After the Dances we headed under the barn for a hidden stage. The morbid youth promised a tale of macabre realities and warned that children might not appreciate the spectacle. The Call of Ctulhu promised to expose the dark secrets of Vermont.
Although both shows (the Dances and this) were explicitly described as not child-friendly, I noticed that many people in the audience (including myself) brought along children. Of course, in attachment-parenting situations where do you leave your child? Yet, I noticed how, regardless of age, these children knew perfectly well that this was “play” and trusted their parents, confident in that they would not be exposed to real danger. The children caught on the humour and I heard their astute comments on the allegorical nature of the “horror” show. “It’s the adults who are really scared, because they do get scared so much more easily”. And they are right. Perhaps it is the knowledge of our guilt, where often times we feel overcome by the reality our fellow humans have come to create and in which we, regardless of our intention to resist, succumb in participation. Probably, that is our true horror. But kids; they’re not fully in it yet. Liouba ran off with other children – away from parents to occupy the first row.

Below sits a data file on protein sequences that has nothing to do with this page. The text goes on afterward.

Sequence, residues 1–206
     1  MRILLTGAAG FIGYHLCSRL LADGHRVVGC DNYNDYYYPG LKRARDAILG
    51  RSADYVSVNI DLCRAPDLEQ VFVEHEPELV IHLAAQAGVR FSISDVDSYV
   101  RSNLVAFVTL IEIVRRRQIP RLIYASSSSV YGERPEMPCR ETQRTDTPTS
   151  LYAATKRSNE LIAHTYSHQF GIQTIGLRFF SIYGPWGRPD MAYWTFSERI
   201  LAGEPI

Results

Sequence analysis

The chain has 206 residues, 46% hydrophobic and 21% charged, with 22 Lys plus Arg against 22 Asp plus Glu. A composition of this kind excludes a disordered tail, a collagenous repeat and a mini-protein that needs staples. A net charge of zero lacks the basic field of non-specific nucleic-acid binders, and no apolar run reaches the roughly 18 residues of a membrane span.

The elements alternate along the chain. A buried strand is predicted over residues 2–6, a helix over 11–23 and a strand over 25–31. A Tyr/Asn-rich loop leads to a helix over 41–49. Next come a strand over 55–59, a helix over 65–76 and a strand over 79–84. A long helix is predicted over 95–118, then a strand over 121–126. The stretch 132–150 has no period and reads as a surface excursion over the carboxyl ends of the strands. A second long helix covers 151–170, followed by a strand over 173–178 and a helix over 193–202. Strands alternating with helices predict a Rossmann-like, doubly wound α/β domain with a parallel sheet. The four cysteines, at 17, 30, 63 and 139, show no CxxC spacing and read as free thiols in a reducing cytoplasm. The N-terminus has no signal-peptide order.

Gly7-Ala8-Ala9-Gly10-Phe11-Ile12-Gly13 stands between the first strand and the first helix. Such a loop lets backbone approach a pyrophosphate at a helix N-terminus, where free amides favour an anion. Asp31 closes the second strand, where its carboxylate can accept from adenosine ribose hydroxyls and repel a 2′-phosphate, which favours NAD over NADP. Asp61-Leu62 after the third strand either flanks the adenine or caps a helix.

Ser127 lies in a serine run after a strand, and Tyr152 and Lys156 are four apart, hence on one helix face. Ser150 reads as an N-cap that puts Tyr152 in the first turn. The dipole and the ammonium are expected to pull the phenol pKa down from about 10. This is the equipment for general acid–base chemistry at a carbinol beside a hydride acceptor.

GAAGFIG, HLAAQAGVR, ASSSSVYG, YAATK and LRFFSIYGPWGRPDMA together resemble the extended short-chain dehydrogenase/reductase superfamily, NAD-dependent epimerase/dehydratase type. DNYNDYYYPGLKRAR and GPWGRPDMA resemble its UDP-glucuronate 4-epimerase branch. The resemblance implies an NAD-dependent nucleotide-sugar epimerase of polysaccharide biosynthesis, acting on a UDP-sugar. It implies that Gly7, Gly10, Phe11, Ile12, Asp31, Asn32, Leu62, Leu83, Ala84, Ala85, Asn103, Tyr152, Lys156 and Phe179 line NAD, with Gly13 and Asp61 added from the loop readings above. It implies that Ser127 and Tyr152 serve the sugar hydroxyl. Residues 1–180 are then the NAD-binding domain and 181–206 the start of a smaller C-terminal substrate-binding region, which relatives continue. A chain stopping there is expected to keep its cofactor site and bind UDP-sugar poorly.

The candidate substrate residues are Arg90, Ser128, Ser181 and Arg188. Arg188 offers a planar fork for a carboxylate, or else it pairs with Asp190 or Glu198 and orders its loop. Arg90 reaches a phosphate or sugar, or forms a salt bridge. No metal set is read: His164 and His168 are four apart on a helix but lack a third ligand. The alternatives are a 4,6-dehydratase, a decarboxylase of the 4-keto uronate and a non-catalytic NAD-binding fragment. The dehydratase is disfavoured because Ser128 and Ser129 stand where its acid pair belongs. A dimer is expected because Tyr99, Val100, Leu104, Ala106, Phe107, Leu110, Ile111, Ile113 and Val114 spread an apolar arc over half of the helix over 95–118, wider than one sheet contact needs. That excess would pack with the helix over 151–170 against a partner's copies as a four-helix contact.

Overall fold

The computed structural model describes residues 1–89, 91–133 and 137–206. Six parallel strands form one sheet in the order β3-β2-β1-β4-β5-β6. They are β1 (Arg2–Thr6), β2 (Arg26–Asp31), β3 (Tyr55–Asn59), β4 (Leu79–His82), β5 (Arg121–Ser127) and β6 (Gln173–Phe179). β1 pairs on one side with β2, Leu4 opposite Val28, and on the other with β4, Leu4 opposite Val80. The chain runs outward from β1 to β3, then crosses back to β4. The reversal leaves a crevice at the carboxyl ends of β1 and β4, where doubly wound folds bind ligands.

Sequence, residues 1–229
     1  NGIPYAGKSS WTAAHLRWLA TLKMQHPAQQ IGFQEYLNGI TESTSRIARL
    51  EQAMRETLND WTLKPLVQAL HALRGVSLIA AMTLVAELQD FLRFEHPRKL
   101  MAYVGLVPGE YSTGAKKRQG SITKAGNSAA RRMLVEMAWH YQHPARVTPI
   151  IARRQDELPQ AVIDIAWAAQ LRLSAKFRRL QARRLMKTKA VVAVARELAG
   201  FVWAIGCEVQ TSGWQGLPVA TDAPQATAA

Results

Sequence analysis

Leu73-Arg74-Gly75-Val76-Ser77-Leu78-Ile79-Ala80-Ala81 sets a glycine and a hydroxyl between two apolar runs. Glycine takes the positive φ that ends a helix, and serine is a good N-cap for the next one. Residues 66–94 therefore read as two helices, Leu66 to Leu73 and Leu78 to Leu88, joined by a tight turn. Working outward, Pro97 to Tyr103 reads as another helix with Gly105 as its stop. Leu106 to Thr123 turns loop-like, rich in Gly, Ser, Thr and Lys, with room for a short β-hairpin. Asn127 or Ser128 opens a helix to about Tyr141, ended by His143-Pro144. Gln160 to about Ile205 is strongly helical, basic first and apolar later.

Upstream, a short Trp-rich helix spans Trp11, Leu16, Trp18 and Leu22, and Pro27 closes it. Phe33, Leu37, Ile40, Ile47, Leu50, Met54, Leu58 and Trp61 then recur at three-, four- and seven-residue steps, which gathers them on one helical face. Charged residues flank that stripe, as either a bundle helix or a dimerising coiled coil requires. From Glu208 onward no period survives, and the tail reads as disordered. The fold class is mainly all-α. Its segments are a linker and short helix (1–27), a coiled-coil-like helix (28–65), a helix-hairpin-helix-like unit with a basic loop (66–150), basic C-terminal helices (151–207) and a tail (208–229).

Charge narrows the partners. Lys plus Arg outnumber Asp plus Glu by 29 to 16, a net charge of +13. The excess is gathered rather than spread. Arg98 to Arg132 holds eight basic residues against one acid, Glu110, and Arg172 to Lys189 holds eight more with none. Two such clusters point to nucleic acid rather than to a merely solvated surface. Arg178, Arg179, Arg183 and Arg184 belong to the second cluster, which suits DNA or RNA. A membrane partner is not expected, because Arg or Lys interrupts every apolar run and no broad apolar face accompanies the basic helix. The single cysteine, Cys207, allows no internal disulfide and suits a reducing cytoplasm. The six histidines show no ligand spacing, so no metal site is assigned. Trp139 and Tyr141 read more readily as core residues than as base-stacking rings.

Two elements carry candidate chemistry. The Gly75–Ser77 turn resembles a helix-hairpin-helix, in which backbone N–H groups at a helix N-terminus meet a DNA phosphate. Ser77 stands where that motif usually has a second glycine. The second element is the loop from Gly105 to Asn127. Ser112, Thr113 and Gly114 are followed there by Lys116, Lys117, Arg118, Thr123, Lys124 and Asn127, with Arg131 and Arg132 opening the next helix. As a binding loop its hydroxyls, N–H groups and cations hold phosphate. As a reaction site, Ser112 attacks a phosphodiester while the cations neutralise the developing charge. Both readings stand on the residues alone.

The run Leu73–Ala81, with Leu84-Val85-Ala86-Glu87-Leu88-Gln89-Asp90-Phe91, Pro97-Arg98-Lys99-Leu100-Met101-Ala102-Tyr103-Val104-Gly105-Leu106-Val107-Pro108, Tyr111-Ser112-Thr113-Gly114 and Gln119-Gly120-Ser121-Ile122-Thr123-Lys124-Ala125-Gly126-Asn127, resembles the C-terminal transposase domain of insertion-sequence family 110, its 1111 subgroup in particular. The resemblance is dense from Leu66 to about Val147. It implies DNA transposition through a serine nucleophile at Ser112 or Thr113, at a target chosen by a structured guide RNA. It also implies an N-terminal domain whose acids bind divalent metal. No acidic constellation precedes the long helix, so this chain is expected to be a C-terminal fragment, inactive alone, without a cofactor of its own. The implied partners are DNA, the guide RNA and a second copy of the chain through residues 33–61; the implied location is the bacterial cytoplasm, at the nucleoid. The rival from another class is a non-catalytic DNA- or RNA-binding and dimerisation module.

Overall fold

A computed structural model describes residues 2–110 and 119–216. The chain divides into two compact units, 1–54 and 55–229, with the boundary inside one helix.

The beginning of the tale
The Ctulhu Feast!